The Apologetic Value Of Religion And Wellness Studies -- By: W. Rodman MacIlvaine III

Journal: Christian Apologetics Journal
Volume: CAJ 11:1 (Spring 2013)
Article: The Apologetic Value Of Religion And Wellness Studies
Author: W. Rodman MacIlvaine III

The Apologetic Value Of Religion And Wellness Studies

W. Rodman MacIlvaine III.

& William C. Stewart

W. Rodman MacIlvaine, III is a fellow with the Veritas Center for Faith, Freedom and Justice, Oklahoma Wesleyan University and senior pastor of Grace Community Church, Bartlesville, OK.

William C. Stewart is a physician, glaucoma subspecialist, clinical researcher and author as well as co–founder of Pharmaceutical Research Network, LLC. He is based in Las Vegas, NV.

An endovascular neurosurgeon in San Diego pauses before the bed of a patient being prepped for surgery. “It’s my custom to offer a prayer before our procedure,” he says. “Do you mind if I pray for you?” The patient nods somewhat surprised. The physician places his hand on the patient’s shoulder, expressing a simple prayer, and ends with the words, “In Jesus’ name, Amen.” Looking up, he notices that the patient’s eyes glow with tears of appreciation.1

In our modern age of science, one would expect this to be a rare scenario. But in recent years prayer in healthcare settings has become increasingly common2 as researchers and doctors have discovered

much clinical evidence suggesting that the practice of religion generally and the observance of the Christian religion specifically have measurable effects on health outcomes.3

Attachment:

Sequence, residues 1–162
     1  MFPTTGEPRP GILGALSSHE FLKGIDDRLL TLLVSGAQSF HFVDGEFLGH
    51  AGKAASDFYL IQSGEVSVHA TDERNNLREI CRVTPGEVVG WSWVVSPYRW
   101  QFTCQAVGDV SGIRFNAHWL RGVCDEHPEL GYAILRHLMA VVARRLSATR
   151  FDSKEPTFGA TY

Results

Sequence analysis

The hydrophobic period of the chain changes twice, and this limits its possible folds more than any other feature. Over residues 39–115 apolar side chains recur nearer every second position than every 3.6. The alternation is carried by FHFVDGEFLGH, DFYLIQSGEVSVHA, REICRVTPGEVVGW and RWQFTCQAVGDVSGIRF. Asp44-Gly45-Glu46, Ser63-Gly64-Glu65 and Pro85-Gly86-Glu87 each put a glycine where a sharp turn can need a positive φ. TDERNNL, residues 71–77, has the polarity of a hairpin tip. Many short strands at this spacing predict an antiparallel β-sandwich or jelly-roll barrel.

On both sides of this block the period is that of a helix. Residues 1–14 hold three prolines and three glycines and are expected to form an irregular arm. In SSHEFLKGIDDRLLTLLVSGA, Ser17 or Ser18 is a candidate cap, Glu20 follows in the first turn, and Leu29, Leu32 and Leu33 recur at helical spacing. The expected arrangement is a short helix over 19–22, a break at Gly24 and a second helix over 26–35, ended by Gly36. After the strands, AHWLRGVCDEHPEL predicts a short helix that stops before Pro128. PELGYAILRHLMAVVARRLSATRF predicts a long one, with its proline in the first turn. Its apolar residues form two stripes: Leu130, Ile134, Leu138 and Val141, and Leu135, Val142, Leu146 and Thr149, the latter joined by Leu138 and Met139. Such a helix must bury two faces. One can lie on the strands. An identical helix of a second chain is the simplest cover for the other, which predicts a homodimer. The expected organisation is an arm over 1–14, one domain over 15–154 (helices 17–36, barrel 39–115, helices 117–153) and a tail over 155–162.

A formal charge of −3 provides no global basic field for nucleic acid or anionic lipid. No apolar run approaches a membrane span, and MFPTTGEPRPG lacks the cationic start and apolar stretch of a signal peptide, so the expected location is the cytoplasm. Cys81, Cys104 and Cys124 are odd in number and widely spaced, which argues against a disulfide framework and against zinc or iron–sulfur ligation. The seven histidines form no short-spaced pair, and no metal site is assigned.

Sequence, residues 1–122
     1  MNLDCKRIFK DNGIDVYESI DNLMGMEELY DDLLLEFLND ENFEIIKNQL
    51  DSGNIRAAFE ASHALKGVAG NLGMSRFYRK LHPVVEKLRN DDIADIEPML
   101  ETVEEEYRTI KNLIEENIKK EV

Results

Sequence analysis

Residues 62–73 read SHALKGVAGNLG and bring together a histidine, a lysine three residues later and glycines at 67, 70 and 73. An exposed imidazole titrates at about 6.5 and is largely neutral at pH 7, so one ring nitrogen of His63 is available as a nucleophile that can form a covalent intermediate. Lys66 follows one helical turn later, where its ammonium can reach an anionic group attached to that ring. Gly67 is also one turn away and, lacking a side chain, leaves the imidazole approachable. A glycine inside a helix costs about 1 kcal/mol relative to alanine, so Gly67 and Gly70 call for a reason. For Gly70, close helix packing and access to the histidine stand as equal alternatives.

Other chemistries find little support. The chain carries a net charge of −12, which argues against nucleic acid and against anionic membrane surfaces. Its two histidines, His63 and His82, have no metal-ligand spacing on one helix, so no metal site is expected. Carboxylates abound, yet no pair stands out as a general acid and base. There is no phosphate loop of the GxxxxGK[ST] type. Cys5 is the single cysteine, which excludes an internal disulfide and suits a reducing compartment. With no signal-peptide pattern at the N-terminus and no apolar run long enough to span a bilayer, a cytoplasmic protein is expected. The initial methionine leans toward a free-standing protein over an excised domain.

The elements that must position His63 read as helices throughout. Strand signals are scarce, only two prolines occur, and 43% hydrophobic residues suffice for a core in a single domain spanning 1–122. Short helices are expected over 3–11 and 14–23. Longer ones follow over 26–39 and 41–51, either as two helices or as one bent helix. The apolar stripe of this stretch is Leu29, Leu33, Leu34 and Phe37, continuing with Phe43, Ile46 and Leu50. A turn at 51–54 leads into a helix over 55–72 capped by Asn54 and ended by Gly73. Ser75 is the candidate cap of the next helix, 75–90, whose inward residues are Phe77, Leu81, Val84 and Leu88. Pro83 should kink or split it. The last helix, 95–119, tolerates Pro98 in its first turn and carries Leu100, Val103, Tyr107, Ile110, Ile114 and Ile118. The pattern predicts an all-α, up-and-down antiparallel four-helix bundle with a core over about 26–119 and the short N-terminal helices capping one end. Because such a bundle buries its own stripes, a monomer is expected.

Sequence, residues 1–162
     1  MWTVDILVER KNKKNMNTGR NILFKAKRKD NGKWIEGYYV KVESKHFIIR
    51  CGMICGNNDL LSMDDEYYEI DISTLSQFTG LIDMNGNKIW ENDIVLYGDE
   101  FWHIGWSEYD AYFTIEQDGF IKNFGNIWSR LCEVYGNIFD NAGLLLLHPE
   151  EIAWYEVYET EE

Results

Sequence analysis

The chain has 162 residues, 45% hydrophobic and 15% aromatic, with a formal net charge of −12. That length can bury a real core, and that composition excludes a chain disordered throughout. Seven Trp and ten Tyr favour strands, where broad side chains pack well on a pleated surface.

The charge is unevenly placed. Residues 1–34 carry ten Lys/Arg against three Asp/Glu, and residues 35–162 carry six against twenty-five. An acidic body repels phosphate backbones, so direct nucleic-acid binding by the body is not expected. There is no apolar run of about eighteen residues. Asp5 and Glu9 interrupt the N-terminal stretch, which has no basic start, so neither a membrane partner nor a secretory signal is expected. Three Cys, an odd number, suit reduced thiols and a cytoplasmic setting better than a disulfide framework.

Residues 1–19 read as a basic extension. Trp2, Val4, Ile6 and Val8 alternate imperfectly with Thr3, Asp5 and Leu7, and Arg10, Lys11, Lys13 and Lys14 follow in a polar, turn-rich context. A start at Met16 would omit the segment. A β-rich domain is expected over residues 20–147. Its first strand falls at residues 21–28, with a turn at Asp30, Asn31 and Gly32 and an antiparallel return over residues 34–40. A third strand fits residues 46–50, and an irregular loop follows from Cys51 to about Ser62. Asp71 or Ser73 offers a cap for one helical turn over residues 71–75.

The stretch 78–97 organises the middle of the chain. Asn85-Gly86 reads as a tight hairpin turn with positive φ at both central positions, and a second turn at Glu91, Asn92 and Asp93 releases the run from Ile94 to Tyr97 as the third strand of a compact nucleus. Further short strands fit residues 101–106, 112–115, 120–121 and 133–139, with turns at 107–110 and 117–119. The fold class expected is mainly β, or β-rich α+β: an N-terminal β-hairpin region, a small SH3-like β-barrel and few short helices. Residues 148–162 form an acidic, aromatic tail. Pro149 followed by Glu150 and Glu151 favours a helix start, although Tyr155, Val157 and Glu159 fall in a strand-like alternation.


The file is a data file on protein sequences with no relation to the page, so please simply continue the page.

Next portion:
Unfortunately, these studies are published mostly in technical medical books and journals; therefore the information is not readily accessible. Moreover, unless one is a scholar in the field, Christians may not know how to evaluate this research because worldview assessments are generally not included in the published findings. Consequently, Christian leaders are often unaware of these studies and do not factor them into their sermons, teachings or writings. This problem should be rectified since religion and wellbeing studies have significant apologetic value,4 and they can profitably be used in spiritual discussions with those who do not profess faith in Christ. Moreover, these studies have profound implications for pastoral care.

This article examines evidence, derived from scientific study, that the Christian faith is associated with human health and wellness. It surveys the historic influence of Christianity on healthcare and explores the relationship of church attendance to w...

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